Finals time for most winter sports is fast approaching and from a physiotherapy perspective this is the time of year that we see a spike in sporting injuries. A lot of these injuries tend to be to parts of the body that have some sort of deficit, be it strength, length or control. It is quite hard to be able to identify these areas yourself and even physiotherapists would find it hard to accurate identify these deficits purely through observation.

This is why screening is so widely utilised for athletes from amateur to elite. Screening usually involves a battery of tests that give objective measurements that are then compared to the normal values for an athlete in a specific sport. Screening can also involve questionnaires that focus on general health and previous injury history.

An article by Sanders, Blackburn and Boucher (2013), looked at the use of pre-participation physicals (PPE) for athletic participation. They found PPE’s to be useful, comprehensive and cost effective. They explained that PPE’s can be modified to meet the major objectives of identification of athletes at risk.

An article by Maffey and Emery (2006) looked at the ability of pre-participation examinations to contribute to identifying risk factors for injury. They found limited evidence for examinations in terms of the ability to reduce injury rates among athletes. However, they were effective in the identification of previous injury (such as ankle sprains) and providing appropriate prevention strategies (such as balance training). From this it has been shown to reduce the risk of recurrent injury. It may also be useful in identifying known risk factors which can be addressed by specific injury prevention interventions.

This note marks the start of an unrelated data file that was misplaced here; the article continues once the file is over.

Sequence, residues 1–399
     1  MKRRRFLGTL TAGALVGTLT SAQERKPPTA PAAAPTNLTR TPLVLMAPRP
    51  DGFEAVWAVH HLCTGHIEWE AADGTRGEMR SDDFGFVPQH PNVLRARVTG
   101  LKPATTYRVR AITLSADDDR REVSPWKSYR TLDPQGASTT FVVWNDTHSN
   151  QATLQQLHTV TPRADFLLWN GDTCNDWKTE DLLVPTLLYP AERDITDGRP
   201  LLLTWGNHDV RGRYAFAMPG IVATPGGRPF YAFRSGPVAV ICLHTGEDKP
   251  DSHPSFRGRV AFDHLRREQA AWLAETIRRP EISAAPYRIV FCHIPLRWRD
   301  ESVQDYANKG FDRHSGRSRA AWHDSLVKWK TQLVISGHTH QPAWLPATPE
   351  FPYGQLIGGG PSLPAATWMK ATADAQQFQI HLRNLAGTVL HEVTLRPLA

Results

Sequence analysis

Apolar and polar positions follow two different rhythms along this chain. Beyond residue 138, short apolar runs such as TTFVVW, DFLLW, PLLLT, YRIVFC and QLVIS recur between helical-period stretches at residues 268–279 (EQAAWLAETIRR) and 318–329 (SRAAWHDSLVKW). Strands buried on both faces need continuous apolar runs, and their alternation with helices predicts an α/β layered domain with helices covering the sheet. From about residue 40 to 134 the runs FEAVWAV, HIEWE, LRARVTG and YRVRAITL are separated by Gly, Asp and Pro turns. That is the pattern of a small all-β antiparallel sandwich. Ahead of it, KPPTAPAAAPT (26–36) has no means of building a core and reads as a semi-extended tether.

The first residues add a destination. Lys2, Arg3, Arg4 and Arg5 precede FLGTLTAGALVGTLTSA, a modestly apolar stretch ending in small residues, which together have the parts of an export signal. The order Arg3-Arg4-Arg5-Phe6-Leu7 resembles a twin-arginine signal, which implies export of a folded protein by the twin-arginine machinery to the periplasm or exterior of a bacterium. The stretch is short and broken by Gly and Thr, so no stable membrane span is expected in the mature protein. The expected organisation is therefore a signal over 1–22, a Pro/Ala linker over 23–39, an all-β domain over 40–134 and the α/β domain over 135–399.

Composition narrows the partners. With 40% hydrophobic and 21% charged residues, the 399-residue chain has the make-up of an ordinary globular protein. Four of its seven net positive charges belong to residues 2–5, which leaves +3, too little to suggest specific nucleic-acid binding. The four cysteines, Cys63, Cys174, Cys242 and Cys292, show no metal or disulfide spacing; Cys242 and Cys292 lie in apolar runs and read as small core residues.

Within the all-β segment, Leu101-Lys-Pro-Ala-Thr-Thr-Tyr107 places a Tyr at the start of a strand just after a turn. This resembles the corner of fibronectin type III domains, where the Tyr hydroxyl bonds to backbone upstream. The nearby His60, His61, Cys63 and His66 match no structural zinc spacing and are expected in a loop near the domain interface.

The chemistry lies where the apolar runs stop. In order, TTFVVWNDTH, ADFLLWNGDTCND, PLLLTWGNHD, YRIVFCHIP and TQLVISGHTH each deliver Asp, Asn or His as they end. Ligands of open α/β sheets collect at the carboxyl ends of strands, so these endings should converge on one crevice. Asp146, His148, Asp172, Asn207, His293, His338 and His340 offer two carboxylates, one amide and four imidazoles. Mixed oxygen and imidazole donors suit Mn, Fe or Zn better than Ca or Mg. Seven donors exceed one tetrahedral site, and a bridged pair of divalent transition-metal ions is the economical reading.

An example of a screening measure that is typically used in screening protocols includes a knee to wall test (KTW). This test is used for ankle dorsiflexion as well as soleus muscle length (one of your calf muscles). The test is performed using a ruler which is placed perpendicular to a wall with no skirting board. The athlete puts their foot flat on the ground next to the ruler and as far from the wall as possible as long as their knee is touching the wall. Distance from the wall to the end of the big toe is noted by looking at the ruler. An example of a normal distance for netball players is greater than 15cm on each side.

Here at East Vic Park Physiotherapy we have developed a number of specific musculoskeletal screens for a variety of sports including netball, running, swimming and throwing sports. They comprehensively identify the key risk factors that are seen in injuries sustained in each sport. If you are interested in preventing injury for the upcoming sports season, then contact the clinic on 9361 3777 and book your screening appointment today!